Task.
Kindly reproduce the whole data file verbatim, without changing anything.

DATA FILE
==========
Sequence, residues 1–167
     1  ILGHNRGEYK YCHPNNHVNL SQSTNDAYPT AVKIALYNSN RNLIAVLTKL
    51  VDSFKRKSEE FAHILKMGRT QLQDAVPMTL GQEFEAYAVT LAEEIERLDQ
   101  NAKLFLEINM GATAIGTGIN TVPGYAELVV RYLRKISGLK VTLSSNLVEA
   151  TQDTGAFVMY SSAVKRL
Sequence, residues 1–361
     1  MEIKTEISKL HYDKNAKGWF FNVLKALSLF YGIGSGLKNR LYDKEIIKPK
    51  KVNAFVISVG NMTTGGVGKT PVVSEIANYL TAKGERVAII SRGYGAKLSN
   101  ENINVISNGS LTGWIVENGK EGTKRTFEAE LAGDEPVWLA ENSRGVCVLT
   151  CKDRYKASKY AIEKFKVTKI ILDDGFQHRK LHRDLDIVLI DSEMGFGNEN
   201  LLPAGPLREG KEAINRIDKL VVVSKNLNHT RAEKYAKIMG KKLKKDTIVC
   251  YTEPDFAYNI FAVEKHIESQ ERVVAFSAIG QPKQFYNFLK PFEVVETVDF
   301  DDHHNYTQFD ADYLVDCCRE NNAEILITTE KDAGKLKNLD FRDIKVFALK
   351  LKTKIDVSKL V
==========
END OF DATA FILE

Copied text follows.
Sequence, residues 1–167
     1  ILGHNRGEYK YCHPNNHVNL SQSTNDAYPT AVKIALYNSN RNLIAVLTKL
    51  VDSFKRKSEE FAHILKMGRT QLQDAVPMTL GQEFEAYAVT LAEEIERLDQ
   101  NAKLFLEINM GATAIGTGIN TVPGYAELVV RYLRKISGLK VTLSSNLVEA
   151  TQDTGAFVMY SSAVKRL
Sequence, residues 1–361
     1  MEIKTEISKL HYDKNAKGWF FNVLKALSLF YGIGSGLKNR LYDKEIIKPK
    51  KVNAFVISVG NMTTGGVGKT PVVSEIANYL TAKGERVAII SRGYGAKLSN
   101  ENINVISNGS LTGWIVENGK EGTKRTFEAE LAGDEPVWLA ENSRGVCVLT
   151  CKDRYKASKY AIEKFKVTKI ILDDGFQHRK LHRDLDIVLI DSEMGFGNEN
   201  LLPAGPLREG KEAINRIDKL VVVSKNLNHT RAEKYAKIMG KKLKKDTIVC
   251  YTEPDFAYNI FAVEKHIESQ ERVVAFSAIG QPKQFYNFLK PFEVVETVDF
   301  DDHHNYTQFD ADYLVDCCRE NNAEILITTE KDAGKLKNLD FRDIKVFALK
   351  LKTKIDVSKL V